Q: What is the role of a resident advisor?

A: RAs are student staff members who have a wide variety of duties; some of these include being on duty, planning programs for their residents, and creating an overall positive community in their residential area.  But the most important role an RA plays is that they are a doorway to campus services for their residents. Many offices on campus whose main objective is to help students in some important way like Behavioral Heath, their class dean, or health education hear about students issues from the RA staff. They are the ones who really dissolve the line between students and administrators and are vital to continued success of the Residential Life program.

Q: Take me through a typical day here.

A: Everyday is truly something different and it’s always interesting. Even though the nature of my job includes a lot of computer work, students are always coming in asking questions about assignments or different housing options. Since we’re in the midst of room selection I’m meeting with many students daily.

Q: What are your personal hobbies or interests?

A: I am an avid runner and I’ve ran many races in the past couple of years. The highlight has been running the Boston Marathon in 2002. Also, being raised in Boston I am a sports nut and these past couple of years have been great. There’s nothing better than beating the Yankees!  My wife and I try to get to as many Sox and Patriots games as I can. She is a registered nurse at New Britain General Hospital. 

Q: Do you have any children?

A: We’re expecting our first child next month which is tremendously exciting.

By Olivia Drake, The Wesleyan Connection editor

Red & Black Cafe Donates 1% to Financial Aid


 
Posted 03/31/05

The next time you grab a bite to eat or enjoy a drink at the Red & Black Café, you’ll also be helping students in need at Wesleyan.

Ed Thorndike, Jr. ’89 and Karen Kaffen-Polascik, owners of Wes Wings and Red & Black Cafe, will donate 1 percent of their gross sales from Red & Black Cafe to support financial aid through the Wesleyan Annual Fund (WAF).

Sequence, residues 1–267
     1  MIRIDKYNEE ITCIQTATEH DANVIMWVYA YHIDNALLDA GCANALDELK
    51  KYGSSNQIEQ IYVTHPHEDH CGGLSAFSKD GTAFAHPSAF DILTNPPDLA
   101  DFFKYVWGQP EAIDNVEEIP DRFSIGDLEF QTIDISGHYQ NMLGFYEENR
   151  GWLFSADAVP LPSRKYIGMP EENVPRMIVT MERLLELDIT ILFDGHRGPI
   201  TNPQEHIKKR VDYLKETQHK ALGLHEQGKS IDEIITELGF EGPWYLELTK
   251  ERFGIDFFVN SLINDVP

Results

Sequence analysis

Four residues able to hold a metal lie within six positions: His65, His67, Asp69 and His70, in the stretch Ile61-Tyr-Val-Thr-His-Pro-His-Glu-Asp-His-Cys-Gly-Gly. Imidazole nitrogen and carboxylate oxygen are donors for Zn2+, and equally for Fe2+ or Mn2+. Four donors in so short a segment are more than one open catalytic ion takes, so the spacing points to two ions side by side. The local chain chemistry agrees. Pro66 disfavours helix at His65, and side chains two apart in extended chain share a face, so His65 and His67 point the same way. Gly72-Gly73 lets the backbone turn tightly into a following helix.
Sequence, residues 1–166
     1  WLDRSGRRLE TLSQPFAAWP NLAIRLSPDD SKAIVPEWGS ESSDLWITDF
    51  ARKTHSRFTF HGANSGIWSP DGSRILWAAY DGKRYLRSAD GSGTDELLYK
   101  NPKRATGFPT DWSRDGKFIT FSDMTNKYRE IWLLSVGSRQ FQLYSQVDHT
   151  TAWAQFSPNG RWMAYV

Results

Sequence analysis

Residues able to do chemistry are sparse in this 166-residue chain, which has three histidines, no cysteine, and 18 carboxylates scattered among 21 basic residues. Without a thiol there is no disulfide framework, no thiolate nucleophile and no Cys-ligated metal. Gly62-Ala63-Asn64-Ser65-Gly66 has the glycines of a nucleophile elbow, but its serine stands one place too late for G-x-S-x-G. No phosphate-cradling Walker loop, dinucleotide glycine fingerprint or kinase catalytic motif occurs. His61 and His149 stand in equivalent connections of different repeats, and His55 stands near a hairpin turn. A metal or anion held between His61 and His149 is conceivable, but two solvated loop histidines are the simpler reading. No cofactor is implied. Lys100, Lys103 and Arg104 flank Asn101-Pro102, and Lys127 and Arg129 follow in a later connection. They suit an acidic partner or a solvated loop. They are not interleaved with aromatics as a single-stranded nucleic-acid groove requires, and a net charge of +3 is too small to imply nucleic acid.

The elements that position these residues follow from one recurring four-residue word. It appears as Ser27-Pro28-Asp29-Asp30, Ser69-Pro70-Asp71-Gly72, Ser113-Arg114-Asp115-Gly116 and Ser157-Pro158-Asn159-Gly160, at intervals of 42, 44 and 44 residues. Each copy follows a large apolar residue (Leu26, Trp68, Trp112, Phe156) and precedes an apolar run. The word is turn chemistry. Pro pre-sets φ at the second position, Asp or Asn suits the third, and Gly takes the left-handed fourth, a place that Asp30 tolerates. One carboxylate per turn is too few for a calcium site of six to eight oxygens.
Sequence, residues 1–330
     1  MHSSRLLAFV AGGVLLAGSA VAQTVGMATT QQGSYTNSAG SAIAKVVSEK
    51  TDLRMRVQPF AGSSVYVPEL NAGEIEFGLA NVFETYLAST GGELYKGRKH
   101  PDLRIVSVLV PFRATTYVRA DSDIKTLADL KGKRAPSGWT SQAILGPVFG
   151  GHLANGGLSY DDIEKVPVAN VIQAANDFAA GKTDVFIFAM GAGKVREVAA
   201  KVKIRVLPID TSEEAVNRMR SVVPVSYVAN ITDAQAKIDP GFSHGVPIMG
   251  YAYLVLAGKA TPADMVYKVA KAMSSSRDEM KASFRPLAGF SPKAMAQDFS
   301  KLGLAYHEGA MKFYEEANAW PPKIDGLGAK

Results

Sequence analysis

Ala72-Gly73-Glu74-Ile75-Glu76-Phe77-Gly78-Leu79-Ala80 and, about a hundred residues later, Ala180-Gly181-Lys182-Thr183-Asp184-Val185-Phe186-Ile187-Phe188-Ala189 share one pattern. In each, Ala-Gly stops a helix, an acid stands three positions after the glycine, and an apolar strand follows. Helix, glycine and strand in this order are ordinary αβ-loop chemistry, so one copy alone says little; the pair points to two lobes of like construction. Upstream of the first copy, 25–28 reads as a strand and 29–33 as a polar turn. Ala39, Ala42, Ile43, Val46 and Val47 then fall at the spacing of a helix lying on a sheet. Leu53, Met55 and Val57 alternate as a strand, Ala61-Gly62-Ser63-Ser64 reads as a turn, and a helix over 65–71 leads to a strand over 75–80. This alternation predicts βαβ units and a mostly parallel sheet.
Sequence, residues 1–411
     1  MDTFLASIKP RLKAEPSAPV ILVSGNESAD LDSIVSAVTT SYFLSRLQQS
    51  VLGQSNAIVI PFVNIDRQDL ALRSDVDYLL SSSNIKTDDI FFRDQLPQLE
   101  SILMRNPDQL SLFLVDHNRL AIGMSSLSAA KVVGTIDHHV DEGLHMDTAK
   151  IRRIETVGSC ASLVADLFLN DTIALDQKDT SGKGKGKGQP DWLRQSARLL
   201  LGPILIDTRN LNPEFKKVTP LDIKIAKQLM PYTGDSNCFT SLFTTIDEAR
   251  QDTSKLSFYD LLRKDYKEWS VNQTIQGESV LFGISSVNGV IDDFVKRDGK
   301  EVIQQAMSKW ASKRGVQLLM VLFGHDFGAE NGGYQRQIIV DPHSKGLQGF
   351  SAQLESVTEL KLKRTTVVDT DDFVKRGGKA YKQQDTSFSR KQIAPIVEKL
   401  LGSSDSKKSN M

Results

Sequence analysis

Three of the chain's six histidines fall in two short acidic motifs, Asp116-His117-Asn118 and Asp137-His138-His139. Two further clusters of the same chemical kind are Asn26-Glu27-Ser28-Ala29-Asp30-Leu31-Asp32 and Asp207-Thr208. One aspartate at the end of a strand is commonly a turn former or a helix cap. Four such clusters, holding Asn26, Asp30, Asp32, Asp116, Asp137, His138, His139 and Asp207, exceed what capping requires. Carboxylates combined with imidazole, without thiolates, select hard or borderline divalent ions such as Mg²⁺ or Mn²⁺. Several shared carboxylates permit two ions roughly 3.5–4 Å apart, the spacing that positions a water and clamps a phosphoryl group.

“This is something we’ve really been wanting to do,” says Thorndike. “I contacted University Relations and we were able to set it up and make it work. It’s really gratifying to know that this money will be going to help Wesleyan students in need.”

Their intention is to give semi-annually in May and January.

 
By David Pesci, director of Media Relations

NASA Awards Wesleyan Astronomer Major Grant


 
Astronomy Professor William Herbst studies the star, KH 15D. Pictured are images of KH 15D out of eclipse (left) and in eclipse (right) as taken from Wesleyan’s observatory.
 
Posted 03/31/05
It’s 3 million years old and 2,400 light years away, but a distant star discovered by Wesleyan researchers has given insight into how our solar system may have formed. NASA wants to know more, and has given William Herbst almost a quarter of a million dollars to keep looking.
 
This month NASA (the National Aeronautics and Space Administration) awarded Wesleyan Professor of Astronomy William Herbst a $216,000 grant to continue his studies of the star, KH 15D, and other emerging stars and their possible link to the creation of our solar system.
 
The grant for Herbst’s proposal titled “Synoptic Studies of T Tauri Stars in Nearby Clusters and Associations” will span three years. It was approved by NASA’s Origins of Solar Systems Program and is one of only 39 proposals of the 94 submitted that received funding.
 
“NASA is particularly interested in this work because they want to find planets that may support life,” says Herbst, the Van Vleck Professor of Astronomy, chair of the Astronomy Department and director of the Van Vleck Observatory. “As far as we know, life can only get started on a planet. Understanding how these types of planets form can help us pinpoint where they may exist and when the conditions for the creation of life first occur.”   Three years ago, Herbst reported how KH 15D, a star in the constellation Monoceros that he and graduate student Kristin Kearns discovered, and that physics Ph.D. candidate Catrina Hamilton further helped identify, seemed to displaying the early stages of planet formation. KH 15D was periodically going through “winking” eclipses, determined by Herbst to be he swirling waves of rock and dust clouds typical of early planet formation. The discovery sent excitement through the astronomical community. He continues to study KH 15D and other young stars looking for more clues.   “Wesleyan has been recognized as a world leader in monitoring these young stars,” Herbst says proudly. “And we are able to do many of our observations using our own observatory on campus.”   Herbst also notes that in the awarding of the grant, the officials at NASA went out of their way to applaud the way undergraduates have been involved in the studies. Specifically, the reports says Herbst “is to be commended for his extensive work in student training, where he has done a first rate job in engaging undergraduates in research and launching them along productive career paths.”